Connecting to Facebook with the C++ REST SDK

Hi, this is Andy Rich from the C++ QA team.  Previously, I showed you how you can use the C++ REST API to connect to Live services, but this is just one of many web services that you can use the REST API with.  In this blog post, I will walk you through creating a Windows 8 Store App that will log a user into Facebook and download and display their photo albums.

Setting up a Facebook Developer Account

In order to develop apps for Facebook, you will need to have a real Facebook account, and sign up to be a developer on their platform, which you can accomplish by visiting http://developers.facebook.com.

Once you are enrolled as a developer, you will need to create an app identity by clicking “Apps” in the top bar and choosing “Create New App”.  Give your app a name, but don’t worry about setting any of the other parameters for now.  Click “Save Changes” and your app will be created.

You should also set your app to a “Desktop” app, which will reduce how often your users need to log in.  To do this, select “Advanced” under your application settings, change App Type to “Native/Desktop” and set “App Secret in Client” to “No” and click the “Save Changes” button.

Finally, go your basic settings page and make note of your app’s App ID/API key (later referred to as <appid>) and your app secret (later called <appsecret>).  We will need these values in future steps.

For the purposes of this post, we will be creating an abstraction to deal with communication with Facebook, a facebook_client class:

// Facebook.h

#pragma once

#include <string>

#include <http_client.h>

#include <json.h>

 

class facebook_client {

public:

       static facebook_client& instance(); // Singleton

       pplx::task<void> login(std::wstring scopes);

       pplx::task<web::json::value> get(std::wstring path);

       web::http::uri_builder base_uri(bool absolute = false);

 

private:

       facebook_client():

       raw_client(L“https://graph.facebook.com/”),

       signed_in(false) {}

 

       pplx::task<void> full_login(std::wstring scopes);

 

       std::wstring token_;

       bool signed_in;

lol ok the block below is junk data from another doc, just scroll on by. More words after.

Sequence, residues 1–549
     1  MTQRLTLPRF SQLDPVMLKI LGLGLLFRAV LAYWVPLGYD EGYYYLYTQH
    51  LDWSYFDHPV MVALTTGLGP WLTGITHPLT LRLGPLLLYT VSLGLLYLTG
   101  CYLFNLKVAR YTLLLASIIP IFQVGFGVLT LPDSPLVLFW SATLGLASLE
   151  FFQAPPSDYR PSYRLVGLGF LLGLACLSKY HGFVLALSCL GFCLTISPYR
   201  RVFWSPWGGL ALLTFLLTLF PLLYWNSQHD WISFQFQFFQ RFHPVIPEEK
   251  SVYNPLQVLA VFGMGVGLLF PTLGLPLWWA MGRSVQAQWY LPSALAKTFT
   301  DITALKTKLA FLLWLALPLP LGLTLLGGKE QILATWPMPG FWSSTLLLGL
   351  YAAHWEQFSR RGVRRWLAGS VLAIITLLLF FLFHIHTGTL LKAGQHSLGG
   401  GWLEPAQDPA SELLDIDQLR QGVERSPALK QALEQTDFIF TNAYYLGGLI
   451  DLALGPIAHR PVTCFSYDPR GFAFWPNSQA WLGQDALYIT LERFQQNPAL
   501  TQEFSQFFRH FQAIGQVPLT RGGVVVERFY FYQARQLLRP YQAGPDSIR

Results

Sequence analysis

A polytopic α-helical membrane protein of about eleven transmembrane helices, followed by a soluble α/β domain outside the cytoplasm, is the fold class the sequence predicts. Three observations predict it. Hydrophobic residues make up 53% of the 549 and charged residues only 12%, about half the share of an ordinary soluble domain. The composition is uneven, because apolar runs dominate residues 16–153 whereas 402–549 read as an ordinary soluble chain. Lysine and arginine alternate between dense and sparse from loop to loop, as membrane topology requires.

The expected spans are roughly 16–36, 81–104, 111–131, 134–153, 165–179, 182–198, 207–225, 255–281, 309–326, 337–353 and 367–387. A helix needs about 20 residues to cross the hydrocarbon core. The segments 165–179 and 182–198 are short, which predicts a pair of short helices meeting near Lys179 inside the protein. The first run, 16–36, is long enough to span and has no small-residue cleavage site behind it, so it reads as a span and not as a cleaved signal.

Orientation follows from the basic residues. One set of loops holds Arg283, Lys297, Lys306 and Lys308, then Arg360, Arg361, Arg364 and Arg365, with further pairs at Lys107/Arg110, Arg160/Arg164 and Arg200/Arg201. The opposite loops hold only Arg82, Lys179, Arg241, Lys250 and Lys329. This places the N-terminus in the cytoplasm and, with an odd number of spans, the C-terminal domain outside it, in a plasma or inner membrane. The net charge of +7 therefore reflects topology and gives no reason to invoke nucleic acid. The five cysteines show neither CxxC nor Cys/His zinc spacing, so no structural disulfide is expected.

web::http::client::http_client raw_client;

};

Since we only need one instance of this class for our app, we are employing the singleton pattern and have made the constructor private.  This ensures that the client can be accessed from anywhere, and that multiple instances of the client do not proliferate through our app.

The following sections will walk through implementation of this class.  The code in the following sections assumes that your implementation file has these using declarations:

using namespace pplx;

using namespace web;

using namespace Platform;

using namespace Windows::Foundation;

using namespace Windows::Security::Authentication::Web;

using namespace Windows::Storage;

The implementation of the instance() method uses a Meyer’s Singleton:

facebook_client& facebook_client::instance()

{

       static facebook_client c;

       return c;

}

Logging into Facebook

Like many popular services, Facebook uses OAuth to perform user logins.  For Windows Store apps, developers should use the WebAuthenticationBroker to negotiate OAuth logins.  This API presents a trustworthy dialog for your users to consent to connecting your application to the authorizing service which is consistent across all Windows Store apps.  This dialog will guide your user through Facebook’s Desktop App Login.

The following code will present a dialog for the user to log into Facebook:

pplx::task<void> facebook_client::full_login(std::wstring scopes)

{

       http::uri_builder login_uri(L“https://www.facebook.com/dialog/oauth”);

       login_uri.append_query(L“client_id”, L“<appid>”); // App id

       login_uri.append_query(L“redirect_uri”, L“https://www.facebook.com/connect/login_success.html”);

       login_uri.append_query(L“scope”, scopes);

       login_uri.append_query(L“display”, L“popup”);